The big savings that can come from shared and common services


Short of amalgamation, there are still big cost savings for governments and agencies in shared services. One UK local government leader explains the reward can be worth the significant pain.

There are too many public sector organisations in the United Kingdom. Most, like my two district councils, were designed in the early 1970s, when the physical size of paper databases and armies of clerks limited organisational reach.

Therefore, two major tiers of councils were created in England — 45 county councils and 296 district councils — all with chief executives, workforces, civic offices and other duplicated costs.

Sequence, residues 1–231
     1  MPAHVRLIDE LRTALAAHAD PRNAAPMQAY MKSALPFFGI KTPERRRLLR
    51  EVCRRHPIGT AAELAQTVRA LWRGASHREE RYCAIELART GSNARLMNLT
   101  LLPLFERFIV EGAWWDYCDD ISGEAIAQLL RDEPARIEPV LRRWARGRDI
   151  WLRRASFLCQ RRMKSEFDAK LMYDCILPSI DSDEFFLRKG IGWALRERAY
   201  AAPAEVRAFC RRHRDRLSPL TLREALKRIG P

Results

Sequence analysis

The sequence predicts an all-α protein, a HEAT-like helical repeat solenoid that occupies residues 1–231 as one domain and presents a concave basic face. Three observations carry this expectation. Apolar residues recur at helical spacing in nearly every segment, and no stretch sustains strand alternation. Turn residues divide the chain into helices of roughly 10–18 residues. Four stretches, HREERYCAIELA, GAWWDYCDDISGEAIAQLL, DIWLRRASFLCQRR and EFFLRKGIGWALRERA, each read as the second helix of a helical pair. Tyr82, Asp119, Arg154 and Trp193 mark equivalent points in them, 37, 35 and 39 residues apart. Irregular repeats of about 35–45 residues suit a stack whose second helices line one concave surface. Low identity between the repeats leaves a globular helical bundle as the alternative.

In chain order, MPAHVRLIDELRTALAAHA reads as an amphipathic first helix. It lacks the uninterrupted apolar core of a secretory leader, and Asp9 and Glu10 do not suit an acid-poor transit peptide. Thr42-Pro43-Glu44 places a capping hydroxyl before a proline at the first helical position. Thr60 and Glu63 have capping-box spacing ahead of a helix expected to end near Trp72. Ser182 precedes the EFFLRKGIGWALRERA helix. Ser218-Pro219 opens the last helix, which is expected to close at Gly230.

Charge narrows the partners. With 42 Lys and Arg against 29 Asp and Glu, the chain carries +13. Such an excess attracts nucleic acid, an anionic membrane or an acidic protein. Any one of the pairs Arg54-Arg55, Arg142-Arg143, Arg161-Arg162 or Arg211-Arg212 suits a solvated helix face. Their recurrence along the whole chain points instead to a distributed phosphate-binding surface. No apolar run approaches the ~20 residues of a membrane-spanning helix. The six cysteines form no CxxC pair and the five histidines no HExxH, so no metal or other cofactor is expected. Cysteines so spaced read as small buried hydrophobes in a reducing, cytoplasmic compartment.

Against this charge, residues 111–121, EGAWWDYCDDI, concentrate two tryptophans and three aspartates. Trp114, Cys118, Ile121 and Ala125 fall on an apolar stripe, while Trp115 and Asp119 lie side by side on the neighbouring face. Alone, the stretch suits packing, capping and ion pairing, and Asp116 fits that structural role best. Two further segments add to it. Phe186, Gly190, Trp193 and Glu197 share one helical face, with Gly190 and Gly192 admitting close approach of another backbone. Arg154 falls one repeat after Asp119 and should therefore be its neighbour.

Since then the world has been transformed by technological advances. Not least the development of micro computers, global databases, email and the internet. Plus “lean” business process re-engineering and HR/management techniques have evolved to promote increasingly efficient organisational practices.

The result is that a handful of organisations could now provide all the local government services to England more economically and more effectively. The annual saving to the UK taxpayer would run into billions of dollars, which could be re-directed into higher priority services such as health or international aid.

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